Foundation rewards businesses

The Kootenay Lake Hospital Foundation declared the start of their Business Appreciation Days recently.

The Kootenay Lake Hospital Foundation declared the start of their Business Appreciation Days recently.

The occasion was the Foundation’s annual Caring Company Dinner held at the Hume Hotel last month. The program, now in its 12th year, is an opportunity for the Foundation to thank local businesses and organizations for their past contributions as well as to share plans for the coming year.

Foundation director Brian May told the crowd that last year they saw “retailers along Baker Street joining forces, realtors sharing commissions, contractors pitching in to build a house, and local managers lobbying for head office grants. Group support ranged  from the Balfour Anglican Church Guild to the Road Kings and communities from Meadow Creek to Nelson.”

Caring companies and clubs receive awards based on donation levels and unlike previous years the greatest number received gold awards which indicated  that core supporters dug deeper to make the ambitious CT scanner program a success.  At the same time, since the number of direct donors only increased by 400, it was clear that many people donated indirectly through community groups.

“Clubs, societies, teams, leagues, congregations, and neighbourhoods all found creative ways to raise funds and bring fun to the campaign,” explained May.

Overall the groups combined to donate $635,000 in 2010.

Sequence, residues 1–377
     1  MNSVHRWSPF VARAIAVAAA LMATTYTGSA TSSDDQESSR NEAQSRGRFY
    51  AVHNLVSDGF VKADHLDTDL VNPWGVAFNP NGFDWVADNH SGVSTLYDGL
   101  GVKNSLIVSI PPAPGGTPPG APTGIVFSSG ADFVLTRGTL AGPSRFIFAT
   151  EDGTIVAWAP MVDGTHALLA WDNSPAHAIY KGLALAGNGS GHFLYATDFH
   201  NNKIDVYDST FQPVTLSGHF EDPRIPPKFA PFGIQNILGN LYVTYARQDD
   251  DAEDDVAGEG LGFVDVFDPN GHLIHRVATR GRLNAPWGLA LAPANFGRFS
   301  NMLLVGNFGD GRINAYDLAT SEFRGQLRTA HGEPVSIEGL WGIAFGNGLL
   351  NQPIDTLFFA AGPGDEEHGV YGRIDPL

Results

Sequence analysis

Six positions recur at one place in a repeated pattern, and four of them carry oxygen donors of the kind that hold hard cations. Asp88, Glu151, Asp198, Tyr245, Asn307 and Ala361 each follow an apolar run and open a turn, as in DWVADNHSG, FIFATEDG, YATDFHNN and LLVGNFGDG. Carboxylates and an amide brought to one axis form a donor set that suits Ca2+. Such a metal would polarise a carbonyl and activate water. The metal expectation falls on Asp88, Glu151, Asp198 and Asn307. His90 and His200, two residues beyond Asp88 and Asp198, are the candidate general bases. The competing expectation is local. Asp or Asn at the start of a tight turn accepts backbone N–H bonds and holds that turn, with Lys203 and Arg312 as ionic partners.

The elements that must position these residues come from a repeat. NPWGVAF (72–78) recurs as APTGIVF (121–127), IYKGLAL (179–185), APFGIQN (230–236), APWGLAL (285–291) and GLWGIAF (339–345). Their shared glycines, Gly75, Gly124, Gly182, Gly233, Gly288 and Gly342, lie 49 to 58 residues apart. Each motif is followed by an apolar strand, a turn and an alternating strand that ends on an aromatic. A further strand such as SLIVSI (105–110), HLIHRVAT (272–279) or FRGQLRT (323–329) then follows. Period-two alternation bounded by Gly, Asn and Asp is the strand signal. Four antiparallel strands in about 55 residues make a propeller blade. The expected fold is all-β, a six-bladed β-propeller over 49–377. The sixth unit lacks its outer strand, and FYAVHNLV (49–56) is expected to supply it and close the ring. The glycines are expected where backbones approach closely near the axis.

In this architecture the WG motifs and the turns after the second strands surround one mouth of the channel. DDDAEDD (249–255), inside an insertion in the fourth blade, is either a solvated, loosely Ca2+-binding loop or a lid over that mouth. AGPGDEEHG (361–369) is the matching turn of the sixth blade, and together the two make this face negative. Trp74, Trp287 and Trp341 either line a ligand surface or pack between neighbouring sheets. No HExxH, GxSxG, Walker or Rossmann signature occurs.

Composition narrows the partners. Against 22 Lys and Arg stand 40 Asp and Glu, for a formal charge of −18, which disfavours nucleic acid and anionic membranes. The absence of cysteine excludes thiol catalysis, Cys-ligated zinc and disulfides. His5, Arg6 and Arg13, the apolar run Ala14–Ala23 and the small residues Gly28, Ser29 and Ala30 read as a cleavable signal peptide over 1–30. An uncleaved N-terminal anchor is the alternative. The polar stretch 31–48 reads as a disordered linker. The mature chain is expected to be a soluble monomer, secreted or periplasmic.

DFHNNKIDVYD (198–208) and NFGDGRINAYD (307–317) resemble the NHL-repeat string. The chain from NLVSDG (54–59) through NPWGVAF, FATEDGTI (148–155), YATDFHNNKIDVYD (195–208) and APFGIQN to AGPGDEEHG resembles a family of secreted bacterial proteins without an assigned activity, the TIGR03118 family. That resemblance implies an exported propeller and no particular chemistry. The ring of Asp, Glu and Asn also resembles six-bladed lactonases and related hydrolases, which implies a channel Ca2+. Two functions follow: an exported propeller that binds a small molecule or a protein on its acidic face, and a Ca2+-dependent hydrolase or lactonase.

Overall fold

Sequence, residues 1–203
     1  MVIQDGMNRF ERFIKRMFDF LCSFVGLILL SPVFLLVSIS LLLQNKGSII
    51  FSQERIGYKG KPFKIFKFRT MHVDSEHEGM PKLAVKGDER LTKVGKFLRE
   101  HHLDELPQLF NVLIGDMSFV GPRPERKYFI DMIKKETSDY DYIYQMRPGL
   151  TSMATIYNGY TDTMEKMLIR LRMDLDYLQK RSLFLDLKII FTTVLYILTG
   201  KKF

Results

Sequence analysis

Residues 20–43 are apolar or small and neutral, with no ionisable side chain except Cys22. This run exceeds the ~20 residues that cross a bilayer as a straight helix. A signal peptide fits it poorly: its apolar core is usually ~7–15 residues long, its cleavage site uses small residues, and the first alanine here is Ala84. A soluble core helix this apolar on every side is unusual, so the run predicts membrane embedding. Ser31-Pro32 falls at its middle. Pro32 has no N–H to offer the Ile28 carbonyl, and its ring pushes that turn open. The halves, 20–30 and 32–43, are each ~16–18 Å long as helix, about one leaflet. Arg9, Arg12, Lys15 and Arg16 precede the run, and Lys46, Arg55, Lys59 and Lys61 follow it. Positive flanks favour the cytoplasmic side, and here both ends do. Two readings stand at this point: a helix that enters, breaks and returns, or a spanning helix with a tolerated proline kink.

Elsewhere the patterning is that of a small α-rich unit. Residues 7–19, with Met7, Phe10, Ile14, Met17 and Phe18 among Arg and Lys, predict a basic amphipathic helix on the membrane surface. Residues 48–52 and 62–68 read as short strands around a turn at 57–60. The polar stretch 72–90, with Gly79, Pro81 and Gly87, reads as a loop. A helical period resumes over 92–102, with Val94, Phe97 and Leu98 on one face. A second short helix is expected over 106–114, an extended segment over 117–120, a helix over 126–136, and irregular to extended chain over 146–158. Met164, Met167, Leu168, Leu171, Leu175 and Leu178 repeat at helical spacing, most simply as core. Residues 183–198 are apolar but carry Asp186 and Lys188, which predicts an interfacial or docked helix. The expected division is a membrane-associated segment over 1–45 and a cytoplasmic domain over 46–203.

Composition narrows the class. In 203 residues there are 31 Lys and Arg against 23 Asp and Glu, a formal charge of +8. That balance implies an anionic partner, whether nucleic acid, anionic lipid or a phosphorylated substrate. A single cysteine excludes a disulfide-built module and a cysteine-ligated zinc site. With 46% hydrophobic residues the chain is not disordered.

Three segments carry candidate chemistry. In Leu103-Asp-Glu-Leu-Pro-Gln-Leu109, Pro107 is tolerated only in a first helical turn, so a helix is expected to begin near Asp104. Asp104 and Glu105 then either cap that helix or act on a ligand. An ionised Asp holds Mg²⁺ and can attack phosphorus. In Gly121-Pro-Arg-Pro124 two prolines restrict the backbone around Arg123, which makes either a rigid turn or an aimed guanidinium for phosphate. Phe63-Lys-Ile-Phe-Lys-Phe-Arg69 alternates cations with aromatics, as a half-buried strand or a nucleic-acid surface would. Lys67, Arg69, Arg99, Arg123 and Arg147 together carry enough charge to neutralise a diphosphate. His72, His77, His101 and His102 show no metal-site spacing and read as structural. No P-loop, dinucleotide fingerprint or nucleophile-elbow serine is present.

Presentations throughout the evening by Thalia Vesterback, local IHA health services director for diagnostic imaging, and local maternity ward nurse Andrea McKenzie focused on expectations in their respective departments.

After explaining software capabilities and operational plans for the CT scanner, Vesterback announced that the Foundation has committed to further strengthen the hospital’s diagnostic program by purchasing new bone scanning equipment to aid in diagnosis and treatment of osteoporosis.

Kootenay Lake Hospital is the only facility in the region offering the program. Foundation directors added that they have also agreed to other immediate purchases and the creation of a diagnostic contingency fund to help with future fundraisers.

McKenzie discussed a plan to buy a third external fetal monitor during the Foundations Breath of Spring campaign. The capacity of the maternity program has grown by 50 per cent since it was renovated in 2002. The $38,000 monitor is essential to gauge vital signs during labour. Since the beginning of the year the Foundation, in partnership with other parties, has now committed to buy six pieces of equipment for the ward at a cost of $114,000.

Throughout the evening Foundation directors handed out close to 75 certificates and will mail another 80 to recipients who couldn’t attend.

Their next big event will be the Legacy Golf event at Granite Pointe on July 10.